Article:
People who habitually add salt to their meals at the table may unknowingly be risking their kidneys, according to a study utilizing UK Biobank data. Chronic salt additions are associated with an elevated risk of developing chronic kidney disease (CKD), as revealed by researchers led by Rui Tang, a doctoral candidate in epidemiology at Tulane University in New Orleans, Louisiana. The study was published in JAMA Network Open.
Large Study Sample
In a population-based cohort study comprising over 460,000 UK Biobank participants aged 37-73 years, Tang and colleagues explored the association between adding table salt to food and increased CKD risk.
Participants indicated how often they added salt to their meals: Never or rarely, sometimes, often, or always. The follow-up period exceeded a decade, and median duration was 11.8 years. During this time, approximately 22,000 new CKD cases were documented. Data analysis revealed a significantly higher CKD risk among those who frequently added salt.
The extent of risk elevation varied with the frequency of salt additions. Even occasional salters had a 7% higher risk than those who never or rarely added salt. For frequent salters, the risk increased by 12%, and for those who always added salt, it rose to 29%. These results were adjusted for age and gender.
Worse Overall Health
The research group noted that individuals who frequently added salt were generally less healthy, adopting an unhealthier lifestyle and having lower socioeconomic status. They exhibited higher BMI, were more likely to smoke, had diabetes or cardiovascular diseases, and had reduced estimated glomerular filtration rate (eGFR) at the beginning of the study. Moreover, their Townsend Deprivation Index, indicating material deprivation, was higher.
Considering these factors, the researchers adjusted the results not only for age and gender but also for ethnicity, Townsend Deprivation Index, eGFR, BMI, smoking status, alcohol consumption, physical activity, elevated cholesterol levels, diabetes, cardiovascular diseases, hypertension, infectious diseases, immune system disorders, and the use of nephrotoxic medications.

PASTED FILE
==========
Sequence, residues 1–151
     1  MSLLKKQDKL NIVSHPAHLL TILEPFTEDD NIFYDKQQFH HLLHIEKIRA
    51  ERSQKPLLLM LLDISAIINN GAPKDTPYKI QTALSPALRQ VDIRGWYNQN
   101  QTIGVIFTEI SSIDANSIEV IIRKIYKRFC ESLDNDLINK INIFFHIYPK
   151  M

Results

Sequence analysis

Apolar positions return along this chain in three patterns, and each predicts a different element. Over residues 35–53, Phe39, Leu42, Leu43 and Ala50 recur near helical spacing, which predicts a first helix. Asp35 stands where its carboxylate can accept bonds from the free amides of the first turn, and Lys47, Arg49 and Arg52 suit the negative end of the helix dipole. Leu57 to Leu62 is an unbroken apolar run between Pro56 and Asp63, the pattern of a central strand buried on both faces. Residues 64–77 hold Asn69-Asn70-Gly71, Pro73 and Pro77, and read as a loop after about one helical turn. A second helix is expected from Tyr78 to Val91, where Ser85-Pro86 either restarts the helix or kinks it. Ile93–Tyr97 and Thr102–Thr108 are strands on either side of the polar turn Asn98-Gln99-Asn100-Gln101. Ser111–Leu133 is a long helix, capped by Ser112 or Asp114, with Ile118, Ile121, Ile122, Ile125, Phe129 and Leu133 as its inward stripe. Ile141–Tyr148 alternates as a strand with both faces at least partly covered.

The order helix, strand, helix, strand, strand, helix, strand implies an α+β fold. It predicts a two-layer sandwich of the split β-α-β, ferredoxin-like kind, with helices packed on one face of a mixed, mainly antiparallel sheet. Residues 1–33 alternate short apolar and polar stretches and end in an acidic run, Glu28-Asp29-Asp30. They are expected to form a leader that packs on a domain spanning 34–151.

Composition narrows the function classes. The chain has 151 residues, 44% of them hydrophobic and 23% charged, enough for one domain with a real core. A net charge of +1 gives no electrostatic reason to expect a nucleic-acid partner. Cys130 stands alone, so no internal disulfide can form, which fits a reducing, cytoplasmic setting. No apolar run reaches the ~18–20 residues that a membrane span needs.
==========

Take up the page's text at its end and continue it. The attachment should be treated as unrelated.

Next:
Even after accounting for these factors, a significant, albeit attenuated, association between salt additions and CKD risk remained. The risk increased by 2% for occasional salters, 5% for frequent salters, and 6% for those who always added salt.
The research group led by Tang concluded that adding salt to meals could be associated with an increased risk for CKD in the general population. However, they highlighted several limitations that should be considered when interpreting the study results.
Primarily, self-reported frequency of salt addition doesn’t precisely reflect actual salt consumption. While earlier studies validated the accuracy of this variable, the researchers acknowledged the possibility that frequent salt addition may merely be a marker for an unhealthy lifestyle.
Nevertheless, the authors speculated that reducing the frequency of salt additions to meals could contribute to lowering CKD risk in the general population. They suggested validating their results in post hoc analyses or follow-up studies from clinical trials.
This article was translated from the Medscape German edition.
Source link : https://www.medscape.com/viewarticle/high-salt-intake-linked-increased-risk-kidney-disease-2024a10001l4?src=rss
Publish date : 2024-01-22 11:21:39
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